Interpol announced on Tuesday the successful culmination of Operation HAECHI IV, an extensive transnational police initiative spanning six months.
This collaborative effort, involving 34 nations and supported by funding from South Korea, has yielded significant outcomes, including the apprehension of 3,500 alleged cybercriminals and the confiscation of $300 million in cash and digital assets.
The operation, which concluded in December, strategically targeted seven cyber-enabled scams: voice phishing, romance scams, online sextortion, investment fraud, money laundering associated with illegal online gambling, business email compromise fraud, and e-commerce fraud. Notably, the majority of the investigated crimes—approximately three-quarters—pertained to business email compromise, e-commerce fraud, and investment fraud.
Interpol issued two “Purple Notices,” comprehensive bulletins divulging information on criminals’ modus operandi, objects, devices, and concealment methods identified during the operation.
One Purple Notice exposed a scam in South Korea, where investors were enticed to acquire non-fungible tokens (NFTs) with promises of substantial returns. Described as a classic “rug pull,” this deceptive practice involves persuading investors to purchase tokens, only for the operators to vanish with the funds, leaving investors with worthless digital assets. While Interpol illustrated the announcement with cat-related pixel art NFTs, it did not specify if these were the assets affected by the rug-pull.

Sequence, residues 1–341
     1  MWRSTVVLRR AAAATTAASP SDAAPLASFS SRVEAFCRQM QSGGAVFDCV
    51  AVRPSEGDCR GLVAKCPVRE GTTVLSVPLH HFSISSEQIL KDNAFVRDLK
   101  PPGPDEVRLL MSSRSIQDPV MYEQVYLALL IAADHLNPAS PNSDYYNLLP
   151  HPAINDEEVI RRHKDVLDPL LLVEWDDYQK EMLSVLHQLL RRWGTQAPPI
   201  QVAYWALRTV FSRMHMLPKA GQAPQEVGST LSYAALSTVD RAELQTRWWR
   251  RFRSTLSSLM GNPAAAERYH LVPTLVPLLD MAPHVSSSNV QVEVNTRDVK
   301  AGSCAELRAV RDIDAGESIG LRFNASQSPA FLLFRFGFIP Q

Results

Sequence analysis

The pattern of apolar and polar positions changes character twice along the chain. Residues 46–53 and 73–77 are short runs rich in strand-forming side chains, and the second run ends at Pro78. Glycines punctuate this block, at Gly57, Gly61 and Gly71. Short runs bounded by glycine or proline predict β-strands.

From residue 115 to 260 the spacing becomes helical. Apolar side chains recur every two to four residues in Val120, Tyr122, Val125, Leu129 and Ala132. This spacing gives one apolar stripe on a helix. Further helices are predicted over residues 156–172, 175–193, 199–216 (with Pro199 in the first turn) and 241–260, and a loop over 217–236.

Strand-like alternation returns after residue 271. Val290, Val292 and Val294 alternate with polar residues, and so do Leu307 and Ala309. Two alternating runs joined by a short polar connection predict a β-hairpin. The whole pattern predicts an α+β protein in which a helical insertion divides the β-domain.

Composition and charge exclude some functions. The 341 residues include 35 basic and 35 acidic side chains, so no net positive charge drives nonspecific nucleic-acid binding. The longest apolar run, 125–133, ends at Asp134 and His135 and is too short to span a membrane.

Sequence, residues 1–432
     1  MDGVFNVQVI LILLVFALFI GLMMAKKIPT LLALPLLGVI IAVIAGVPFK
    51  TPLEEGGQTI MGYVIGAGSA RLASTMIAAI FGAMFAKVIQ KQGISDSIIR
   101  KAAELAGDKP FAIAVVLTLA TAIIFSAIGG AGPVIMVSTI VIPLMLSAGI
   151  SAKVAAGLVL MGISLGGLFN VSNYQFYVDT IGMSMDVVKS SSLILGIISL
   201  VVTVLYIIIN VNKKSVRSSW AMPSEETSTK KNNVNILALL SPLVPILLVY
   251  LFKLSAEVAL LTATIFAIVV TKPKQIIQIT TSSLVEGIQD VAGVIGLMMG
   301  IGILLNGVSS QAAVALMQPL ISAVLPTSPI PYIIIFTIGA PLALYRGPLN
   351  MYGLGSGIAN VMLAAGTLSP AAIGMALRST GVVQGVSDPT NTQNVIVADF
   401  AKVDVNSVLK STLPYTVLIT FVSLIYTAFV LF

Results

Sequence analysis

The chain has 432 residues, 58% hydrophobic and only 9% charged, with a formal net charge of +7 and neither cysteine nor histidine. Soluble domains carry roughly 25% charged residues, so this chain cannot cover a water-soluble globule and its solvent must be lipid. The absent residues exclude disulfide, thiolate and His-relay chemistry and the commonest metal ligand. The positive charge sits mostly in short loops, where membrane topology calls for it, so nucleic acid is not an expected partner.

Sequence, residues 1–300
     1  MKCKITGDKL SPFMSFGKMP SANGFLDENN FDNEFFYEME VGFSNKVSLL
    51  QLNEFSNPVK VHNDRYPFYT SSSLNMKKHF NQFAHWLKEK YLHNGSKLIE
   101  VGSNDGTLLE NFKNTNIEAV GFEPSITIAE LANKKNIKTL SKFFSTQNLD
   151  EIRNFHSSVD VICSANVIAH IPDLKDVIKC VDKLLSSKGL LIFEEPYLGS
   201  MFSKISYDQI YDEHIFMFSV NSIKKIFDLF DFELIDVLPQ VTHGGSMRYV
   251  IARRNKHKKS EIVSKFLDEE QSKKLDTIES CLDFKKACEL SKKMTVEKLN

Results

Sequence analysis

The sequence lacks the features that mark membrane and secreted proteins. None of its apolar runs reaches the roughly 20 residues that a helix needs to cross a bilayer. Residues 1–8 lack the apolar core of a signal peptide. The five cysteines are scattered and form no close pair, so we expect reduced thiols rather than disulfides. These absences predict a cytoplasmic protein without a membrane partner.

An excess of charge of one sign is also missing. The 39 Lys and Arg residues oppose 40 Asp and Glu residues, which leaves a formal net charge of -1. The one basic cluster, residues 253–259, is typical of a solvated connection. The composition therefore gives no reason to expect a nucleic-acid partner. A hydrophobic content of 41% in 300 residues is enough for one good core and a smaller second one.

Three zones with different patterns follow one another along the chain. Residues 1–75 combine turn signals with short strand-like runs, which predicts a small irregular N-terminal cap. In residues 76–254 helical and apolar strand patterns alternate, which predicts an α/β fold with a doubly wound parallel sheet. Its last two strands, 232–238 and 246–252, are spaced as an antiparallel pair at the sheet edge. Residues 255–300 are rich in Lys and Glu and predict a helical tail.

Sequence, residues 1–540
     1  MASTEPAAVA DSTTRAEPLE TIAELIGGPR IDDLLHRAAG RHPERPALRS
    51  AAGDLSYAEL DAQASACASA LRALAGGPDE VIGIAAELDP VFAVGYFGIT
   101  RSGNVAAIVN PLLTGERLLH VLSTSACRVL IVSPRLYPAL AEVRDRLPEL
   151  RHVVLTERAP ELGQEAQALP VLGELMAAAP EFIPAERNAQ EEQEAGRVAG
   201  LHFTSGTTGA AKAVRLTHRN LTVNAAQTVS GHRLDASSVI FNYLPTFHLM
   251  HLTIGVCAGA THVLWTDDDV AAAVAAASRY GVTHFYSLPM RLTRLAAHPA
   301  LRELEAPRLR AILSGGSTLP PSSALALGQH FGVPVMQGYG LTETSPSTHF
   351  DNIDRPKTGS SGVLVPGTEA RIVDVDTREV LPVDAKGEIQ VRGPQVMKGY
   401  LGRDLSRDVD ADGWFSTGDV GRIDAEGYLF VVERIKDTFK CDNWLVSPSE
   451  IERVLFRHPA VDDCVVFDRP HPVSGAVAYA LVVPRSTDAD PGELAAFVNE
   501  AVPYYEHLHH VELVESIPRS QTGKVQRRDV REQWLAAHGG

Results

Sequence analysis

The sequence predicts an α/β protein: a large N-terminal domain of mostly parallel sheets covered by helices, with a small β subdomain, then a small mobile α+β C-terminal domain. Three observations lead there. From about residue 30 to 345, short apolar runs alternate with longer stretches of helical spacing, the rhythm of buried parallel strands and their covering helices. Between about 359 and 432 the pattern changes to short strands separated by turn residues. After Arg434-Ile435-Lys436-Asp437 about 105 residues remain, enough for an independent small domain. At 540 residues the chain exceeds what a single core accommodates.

The second Purple Notice warned of the exploitation of artificial intelligence (AI) and deep fake technology to enhance the credibility of scams, allowing criminals to conceal their identities and pose as family members, friends, or love interests. This phenomenon was observed in the UK, where authorities reported instances of AI-generated synthetic content used in deception, fraud, harassment, and extortion, particularly in impersonation scams, online sexual blackmail, and investment fraud. Some cases even involved the use of voice cloning technology to impersonate individuals known to the victims.
Interpol commended the joint efforts of Filipino and Korean authorities, highlighting their collaboration leading to the arrest of a “high-profile online gambling criminal” in Manila, Philippines. This achievement followed a two-year tracking effort by Korea’s National Police Agency.
The alleged criminals identified during the operation often faced the Interpol Global Rapid Intervention of Payments mechanism (I-GRIP), preventing the flow of criminal proceeds through the global financial system. Through these orders and additional efforts, Operation HAECHI IV successfully blocked 82,112 suspicious bank accounts and seized $199 million in hard currency and $101 million in virtual assets.
Interpol considers Operation HAECHI IV a resounding success, citing a 200 percent increase in arrests compared to previous efforts. Kim Dong Kwon, head of Interpol’s National Central Bureau in South Korea, emphasized the evolution and expansion of Project HAECHI to stay ahead of emerging criminal trends. He stated, “Despite criminals’ endeavors to gain illicit advantages through contemporary trends, they will eventually be apprehended and face due punishment. To accomplish this, Project HAECHI will consistently evolve and expand its scope.”